Back at Missing Pieces, I put on some tea and everyone sat down on the burgundy brocade sofa, my favorite piece of furniture even though it was too big for the shop. I constantly had to work around it to find room for my treasures.
I took a chair on the side, trying not to envy the three of them sitting in my favorite place, and explained about the séance to Trudy while the water boiled.
“That's amazing!” Trudy said. “Do you really think your mom was trying to talk to you?”
“I don't,” I admitted. “Other things happened after I got to the Blue Whale.” I filled them all in on the point of light that had come at me and the other odd phenomena that had occurred. “I don't know who's following me, but I don't think it's my mother.”
We all had a cup of Earl Grey tea and contemplated my recent otherworldly experiences.
“Maybe it was the storm,” Trudy said. “Maybe all those extra storm ions they're always talking about created some kind of spectral field during the séance.”
Shayla shook her head. “That sounds good, but I knew last night something was up. I could feel it before and again during the storm. Spirit balls aren't a normal presence, even during a séance. It takes a powerful spirit to put all its energy into producing a visible, moving light. I think we might've called up another spirit—maybe one related to you, Dae.”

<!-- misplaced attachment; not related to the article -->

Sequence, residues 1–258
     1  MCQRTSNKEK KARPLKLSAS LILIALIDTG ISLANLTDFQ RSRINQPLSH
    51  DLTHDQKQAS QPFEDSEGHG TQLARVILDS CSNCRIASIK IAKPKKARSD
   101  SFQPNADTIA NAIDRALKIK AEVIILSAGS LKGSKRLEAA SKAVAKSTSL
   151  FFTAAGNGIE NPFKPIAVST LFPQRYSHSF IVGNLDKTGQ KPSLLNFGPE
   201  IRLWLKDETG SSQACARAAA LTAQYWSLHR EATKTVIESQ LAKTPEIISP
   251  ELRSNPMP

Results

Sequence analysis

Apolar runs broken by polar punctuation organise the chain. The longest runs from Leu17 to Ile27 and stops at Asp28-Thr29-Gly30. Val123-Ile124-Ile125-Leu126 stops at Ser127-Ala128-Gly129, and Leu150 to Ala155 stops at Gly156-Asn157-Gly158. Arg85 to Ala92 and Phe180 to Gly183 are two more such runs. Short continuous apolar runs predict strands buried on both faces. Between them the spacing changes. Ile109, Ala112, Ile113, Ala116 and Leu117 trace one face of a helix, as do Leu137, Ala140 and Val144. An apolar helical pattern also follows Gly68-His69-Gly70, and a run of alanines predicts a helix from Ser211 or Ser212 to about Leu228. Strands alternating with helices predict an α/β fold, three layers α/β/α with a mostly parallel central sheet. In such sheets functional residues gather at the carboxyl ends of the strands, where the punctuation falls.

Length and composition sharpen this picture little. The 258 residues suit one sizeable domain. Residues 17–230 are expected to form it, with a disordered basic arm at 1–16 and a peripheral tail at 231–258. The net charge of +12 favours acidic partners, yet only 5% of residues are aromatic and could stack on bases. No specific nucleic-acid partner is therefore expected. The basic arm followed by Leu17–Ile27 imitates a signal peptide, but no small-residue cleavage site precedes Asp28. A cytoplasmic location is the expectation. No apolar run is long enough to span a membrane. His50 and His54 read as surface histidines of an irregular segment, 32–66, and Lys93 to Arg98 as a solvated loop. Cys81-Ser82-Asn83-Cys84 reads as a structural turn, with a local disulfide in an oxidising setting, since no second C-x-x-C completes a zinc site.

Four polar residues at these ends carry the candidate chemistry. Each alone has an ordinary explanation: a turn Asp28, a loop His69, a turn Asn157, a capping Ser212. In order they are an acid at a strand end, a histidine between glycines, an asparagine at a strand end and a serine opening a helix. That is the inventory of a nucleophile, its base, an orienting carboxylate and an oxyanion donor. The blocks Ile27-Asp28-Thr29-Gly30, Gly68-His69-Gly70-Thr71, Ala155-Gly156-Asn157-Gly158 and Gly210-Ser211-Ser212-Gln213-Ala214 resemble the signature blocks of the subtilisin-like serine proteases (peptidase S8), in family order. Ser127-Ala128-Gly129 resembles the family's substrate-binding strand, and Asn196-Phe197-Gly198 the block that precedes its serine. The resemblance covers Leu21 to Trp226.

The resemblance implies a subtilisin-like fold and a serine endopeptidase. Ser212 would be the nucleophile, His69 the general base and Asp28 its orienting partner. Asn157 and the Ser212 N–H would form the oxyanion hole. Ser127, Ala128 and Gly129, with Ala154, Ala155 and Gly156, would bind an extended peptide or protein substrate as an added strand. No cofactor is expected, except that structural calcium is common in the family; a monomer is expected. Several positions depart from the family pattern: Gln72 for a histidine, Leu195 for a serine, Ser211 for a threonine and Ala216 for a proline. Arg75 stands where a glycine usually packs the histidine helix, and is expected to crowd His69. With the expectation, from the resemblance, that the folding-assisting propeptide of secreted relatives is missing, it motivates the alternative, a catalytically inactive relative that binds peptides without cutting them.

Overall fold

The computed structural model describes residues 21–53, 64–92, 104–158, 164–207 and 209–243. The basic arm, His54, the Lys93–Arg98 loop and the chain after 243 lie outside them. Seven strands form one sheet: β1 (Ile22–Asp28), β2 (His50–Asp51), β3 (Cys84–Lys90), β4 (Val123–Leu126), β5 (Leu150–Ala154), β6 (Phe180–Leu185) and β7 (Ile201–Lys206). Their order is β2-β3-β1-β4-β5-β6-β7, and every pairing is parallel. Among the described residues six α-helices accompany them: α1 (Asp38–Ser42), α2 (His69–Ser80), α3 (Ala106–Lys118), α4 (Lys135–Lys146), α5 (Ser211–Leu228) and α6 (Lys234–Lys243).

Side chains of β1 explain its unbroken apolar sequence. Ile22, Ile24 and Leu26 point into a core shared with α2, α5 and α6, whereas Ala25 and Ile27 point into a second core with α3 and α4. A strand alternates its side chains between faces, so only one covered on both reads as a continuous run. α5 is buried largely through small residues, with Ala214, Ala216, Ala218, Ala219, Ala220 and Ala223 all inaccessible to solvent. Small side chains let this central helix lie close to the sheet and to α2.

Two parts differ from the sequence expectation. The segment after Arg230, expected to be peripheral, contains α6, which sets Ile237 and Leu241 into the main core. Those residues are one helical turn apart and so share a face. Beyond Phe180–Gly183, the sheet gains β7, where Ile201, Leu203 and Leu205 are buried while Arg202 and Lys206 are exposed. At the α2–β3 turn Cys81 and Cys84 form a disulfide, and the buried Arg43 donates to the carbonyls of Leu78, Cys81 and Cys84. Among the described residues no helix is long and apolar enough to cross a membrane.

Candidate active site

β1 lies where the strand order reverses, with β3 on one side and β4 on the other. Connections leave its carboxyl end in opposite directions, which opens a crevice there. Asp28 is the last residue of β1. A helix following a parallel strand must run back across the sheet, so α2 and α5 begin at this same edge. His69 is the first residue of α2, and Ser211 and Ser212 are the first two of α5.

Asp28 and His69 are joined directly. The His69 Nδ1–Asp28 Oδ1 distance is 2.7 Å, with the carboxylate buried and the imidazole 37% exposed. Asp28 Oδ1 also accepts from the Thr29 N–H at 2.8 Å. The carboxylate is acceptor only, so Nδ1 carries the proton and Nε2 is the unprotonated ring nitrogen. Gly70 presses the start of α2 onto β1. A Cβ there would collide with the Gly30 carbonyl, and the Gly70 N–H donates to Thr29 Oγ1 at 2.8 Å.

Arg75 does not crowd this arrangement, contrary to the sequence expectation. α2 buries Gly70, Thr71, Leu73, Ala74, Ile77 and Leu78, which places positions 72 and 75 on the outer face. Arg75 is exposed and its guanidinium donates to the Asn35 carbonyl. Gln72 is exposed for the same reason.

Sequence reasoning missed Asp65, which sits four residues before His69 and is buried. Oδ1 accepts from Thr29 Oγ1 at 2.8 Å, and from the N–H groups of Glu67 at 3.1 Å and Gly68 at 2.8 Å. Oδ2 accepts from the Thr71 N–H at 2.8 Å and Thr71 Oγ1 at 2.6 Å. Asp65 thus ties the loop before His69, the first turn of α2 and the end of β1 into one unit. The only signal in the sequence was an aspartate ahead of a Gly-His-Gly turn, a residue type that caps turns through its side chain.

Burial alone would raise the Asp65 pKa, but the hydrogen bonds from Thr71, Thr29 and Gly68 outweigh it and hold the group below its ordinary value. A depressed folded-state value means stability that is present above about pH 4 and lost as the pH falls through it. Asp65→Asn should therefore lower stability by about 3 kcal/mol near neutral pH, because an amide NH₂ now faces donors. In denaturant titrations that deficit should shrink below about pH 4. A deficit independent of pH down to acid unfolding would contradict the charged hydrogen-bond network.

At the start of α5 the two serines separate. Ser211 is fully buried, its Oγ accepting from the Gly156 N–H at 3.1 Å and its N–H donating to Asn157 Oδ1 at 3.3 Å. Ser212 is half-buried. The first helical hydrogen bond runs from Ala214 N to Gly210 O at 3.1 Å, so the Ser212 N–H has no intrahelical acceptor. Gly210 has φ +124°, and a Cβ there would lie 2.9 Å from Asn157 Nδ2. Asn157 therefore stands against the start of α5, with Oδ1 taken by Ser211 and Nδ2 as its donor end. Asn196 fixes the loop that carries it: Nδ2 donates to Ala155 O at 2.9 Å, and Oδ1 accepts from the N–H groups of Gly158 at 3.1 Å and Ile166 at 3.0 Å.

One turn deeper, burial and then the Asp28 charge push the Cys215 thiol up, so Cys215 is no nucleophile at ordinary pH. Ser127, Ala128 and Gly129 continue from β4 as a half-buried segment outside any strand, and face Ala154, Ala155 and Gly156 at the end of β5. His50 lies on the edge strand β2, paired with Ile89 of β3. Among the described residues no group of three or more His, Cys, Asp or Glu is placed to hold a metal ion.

“You could've mentioned that last night,” I suggested.
“You were in such a hurry to get to the conference,” Shayla fired back. “And now look what's happened—that poor woman is dead.”
“I don't think Mayor Foxx's death was related to spirit balls following Dae from the séance,” Kevin said.
“But you don't know for sure, do you?” Shayla asked. “You may be an expert on police things, Mr. Ex-FBI Man, but leave the spiritual things to me. That's
expertise. I'm fourth generation at this.
I might be related to Marie Laveau.”
BOOK: A Spirited Gift
5.22Mb size Format: txt, pdf, ePub